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Jiu Jitsu producers pulling out of Cyprus, second movie had been set to go

Nicolas Cage with director Demetri Logothetis on the set of Jiu Jitsu

In a sometimes heated press conference, the producers behind Jiu Jitsu – the Nicolas Cage sci-fi/action film that was shot here in 2019 – announced their decision to pull out of Cyprus, saying they intend to take legal action against the government.

According to Chris Economides and Dimitri Logothetis (a Cypriot and an American citizen, respectively), the continued non-payment – after over a year – of the almost €8 million which the film’s investors are owed, makes it impossible to shoot Logothetis’ new film Man of War here. Jiu Jitsu (which Logothetis also directed) was made under the cash rebate scheme launched by the Cyprus Investment Promotion Agency (CIPA).

The final straw, according to the producers, was a report by auditor-general Odysseas Michaelides on March 26, on the scheme in general and Jiu Jitsu in particular, which they call “completely false”, ignorant of how such schemes operate, and potentially defamatory.

Economides didn’t mince his words on the “incompetence” and “tragic failure” of Cyprus, which has resulted in filmmakers getting mired in petty local politics and production money choosing to go elsewhere – since, after all, similar schemes operate all over Europe.

“What it means for Logothetis to leave,” he explained, “includes the $120 million which he’d agreed to bring to Cyprus to make three other films, it includes Man of War which is [budgeted at] $37 million, it includes Jiu Jitsu 2” – still in the early stages – “which might be another $24 million”.

He also mentioned the $600 million Czech investment fund behind Jiu Jitsu, which has backed five other movies in the past two years – but is surely not coming back here, after all that’s happened.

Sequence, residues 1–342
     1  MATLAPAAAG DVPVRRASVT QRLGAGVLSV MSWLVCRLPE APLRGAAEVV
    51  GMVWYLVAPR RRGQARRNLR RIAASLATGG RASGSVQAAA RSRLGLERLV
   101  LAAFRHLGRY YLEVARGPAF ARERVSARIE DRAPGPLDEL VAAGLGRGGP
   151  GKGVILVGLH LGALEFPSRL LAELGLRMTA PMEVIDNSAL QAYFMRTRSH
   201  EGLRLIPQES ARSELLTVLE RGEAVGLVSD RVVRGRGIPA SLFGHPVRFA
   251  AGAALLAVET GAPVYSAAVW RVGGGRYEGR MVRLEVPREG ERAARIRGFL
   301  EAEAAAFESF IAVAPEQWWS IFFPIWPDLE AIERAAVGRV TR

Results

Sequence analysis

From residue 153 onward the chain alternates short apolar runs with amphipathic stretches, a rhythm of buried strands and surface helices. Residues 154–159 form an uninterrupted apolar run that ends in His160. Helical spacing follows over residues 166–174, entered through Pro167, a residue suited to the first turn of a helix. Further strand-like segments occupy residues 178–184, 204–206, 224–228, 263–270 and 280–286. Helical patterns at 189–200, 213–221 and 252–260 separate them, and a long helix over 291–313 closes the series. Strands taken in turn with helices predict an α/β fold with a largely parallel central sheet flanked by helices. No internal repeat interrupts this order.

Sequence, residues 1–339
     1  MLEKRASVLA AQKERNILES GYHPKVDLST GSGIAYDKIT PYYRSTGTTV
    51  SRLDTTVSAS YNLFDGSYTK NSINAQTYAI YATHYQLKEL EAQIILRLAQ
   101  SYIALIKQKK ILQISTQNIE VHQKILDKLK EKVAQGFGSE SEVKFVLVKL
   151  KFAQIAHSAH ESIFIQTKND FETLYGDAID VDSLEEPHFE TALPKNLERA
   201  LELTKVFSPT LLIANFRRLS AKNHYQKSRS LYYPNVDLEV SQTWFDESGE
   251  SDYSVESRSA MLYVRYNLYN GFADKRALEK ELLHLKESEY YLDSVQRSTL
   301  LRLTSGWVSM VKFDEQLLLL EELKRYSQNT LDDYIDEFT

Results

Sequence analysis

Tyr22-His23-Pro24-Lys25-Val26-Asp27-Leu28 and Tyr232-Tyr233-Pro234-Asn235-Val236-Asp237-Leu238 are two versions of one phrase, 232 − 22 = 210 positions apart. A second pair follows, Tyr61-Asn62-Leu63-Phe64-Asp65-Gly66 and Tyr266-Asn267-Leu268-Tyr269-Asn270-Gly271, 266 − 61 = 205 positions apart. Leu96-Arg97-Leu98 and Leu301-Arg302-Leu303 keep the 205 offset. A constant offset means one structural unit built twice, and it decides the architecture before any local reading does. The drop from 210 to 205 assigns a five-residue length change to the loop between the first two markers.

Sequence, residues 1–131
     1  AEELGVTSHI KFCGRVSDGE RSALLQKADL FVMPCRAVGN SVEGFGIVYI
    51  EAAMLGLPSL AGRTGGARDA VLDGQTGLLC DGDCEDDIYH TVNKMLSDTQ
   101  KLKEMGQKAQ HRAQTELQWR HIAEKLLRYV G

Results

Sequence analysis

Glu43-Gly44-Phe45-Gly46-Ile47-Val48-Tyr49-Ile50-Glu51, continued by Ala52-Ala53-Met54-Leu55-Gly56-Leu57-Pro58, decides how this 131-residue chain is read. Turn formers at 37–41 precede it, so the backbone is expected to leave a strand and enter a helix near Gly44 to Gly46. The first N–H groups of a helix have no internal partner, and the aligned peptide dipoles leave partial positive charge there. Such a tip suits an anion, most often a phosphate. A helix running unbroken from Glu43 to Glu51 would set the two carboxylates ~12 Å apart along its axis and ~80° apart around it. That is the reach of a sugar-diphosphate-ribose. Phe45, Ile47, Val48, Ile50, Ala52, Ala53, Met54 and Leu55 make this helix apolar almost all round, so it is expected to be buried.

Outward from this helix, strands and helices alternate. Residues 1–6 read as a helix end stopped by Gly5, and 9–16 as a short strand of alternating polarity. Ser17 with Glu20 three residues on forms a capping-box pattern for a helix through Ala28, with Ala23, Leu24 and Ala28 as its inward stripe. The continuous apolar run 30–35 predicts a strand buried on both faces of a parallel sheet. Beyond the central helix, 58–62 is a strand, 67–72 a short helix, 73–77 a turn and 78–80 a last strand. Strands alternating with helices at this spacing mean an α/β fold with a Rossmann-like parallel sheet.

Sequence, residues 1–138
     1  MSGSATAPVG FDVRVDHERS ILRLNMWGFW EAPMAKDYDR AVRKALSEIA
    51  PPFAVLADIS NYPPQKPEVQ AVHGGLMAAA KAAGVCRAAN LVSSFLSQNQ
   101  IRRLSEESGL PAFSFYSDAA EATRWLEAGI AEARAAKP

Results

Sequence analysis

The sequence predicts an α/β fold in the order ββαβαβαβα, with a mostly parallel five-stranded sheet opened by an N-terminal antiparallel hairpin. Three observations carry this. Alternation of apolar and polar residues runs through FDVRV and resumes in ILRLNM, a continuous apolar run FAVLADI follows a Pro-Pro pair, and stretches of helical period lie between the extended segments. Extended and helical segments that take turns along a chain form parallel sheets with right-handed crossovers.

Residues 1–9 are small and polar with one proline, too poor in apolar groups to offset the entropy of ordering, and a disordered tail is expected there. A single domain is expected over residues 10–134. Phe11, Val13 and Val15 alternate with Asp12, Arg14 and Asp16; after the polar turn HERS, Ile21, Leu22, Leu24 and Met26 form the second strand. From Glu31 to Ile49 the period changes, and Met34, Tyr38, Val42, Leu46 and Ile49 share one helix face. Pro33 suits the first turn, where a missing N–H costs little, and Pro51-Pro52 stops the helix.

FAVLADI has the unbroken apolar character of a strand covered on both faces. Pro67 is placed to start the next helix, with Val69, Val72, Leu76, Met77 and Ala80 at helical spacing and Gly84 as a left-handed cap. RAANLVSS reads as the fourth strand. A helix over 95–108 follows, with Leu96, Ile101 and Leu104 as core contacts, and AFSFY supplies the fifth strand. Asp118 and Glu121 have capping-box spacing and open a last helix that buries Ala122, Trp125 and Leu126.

Economides was also scathing about the auditor-general – albeit making clear that he doesn’t consider him to be dishonest, merely uninformed. “He only started taking an interest in the sector in 2019, because of the scheme,” he pointed out. “I’ve been in this business for 40 years.”

He especially noted the unfairness of the auditor-general wrongly pointing out supposed irregularities without first asking for an explanation, as well as “exceeding his remit to become a film-critic-general” by examining the film’s box office and critical reception – which are irrelevant to the rebate scheme anyway.

The producers also put out a statement showing that the government actually stands to make money from Jiu Jitsu – a ballpark figure of €960,000, when the rebate money (assuming it ever gets paid) gets stacked against the direct and indirect taxes it can collect from the film’s contribution to the local economy.

A further irony, said Economides, is that Man of War was all set to go, contracts had been signed with local crew (who have now lost their jobs) and locations had already been found in the Nicosia area – a big feather in our cap given that Cyprus, having already played Myanmar in Jiu Jitsu, would now be playing California.

However, the continued non-payment, coupled with the auditor-general’s report, led to the local bank that was lending money based on the rebate to cancel the deal, saying the scheme didn’t seem reliable.

Consequently, said Logothetis, “I can no longer make the movie here… I’m not going to make Man of War here, I’m going to take it somewhere else” Given that last-minute change, bad publicity for Cyprus is inevitable.

“This does not end here,” declared Economides, confirming that legal action is being planned. Nonetheless, the producers’ involvement with Cyprus and our mismanaged rebate scheme does apparently end here.

“If you don’t pay on time,” said Logothetis, “and you don’t treat a producer properly – they’re going to leave. And so, you win. Everybody wants to win an argument – fine, you won the argument. We’re gonna take our movie, take our money, and we’re gonna go somewhere else. Thank you.”

It’s too bad, said his Cypriot partner, because “we have an amazing scheme, one of the most progressive in the world”. It just needs a few tweaks, he added, which should already have been made in the past three years – but the scheme should nonetheless be embraced, for the sake of future producers.

He and Logothetis, however, “are done with Cyprus”.

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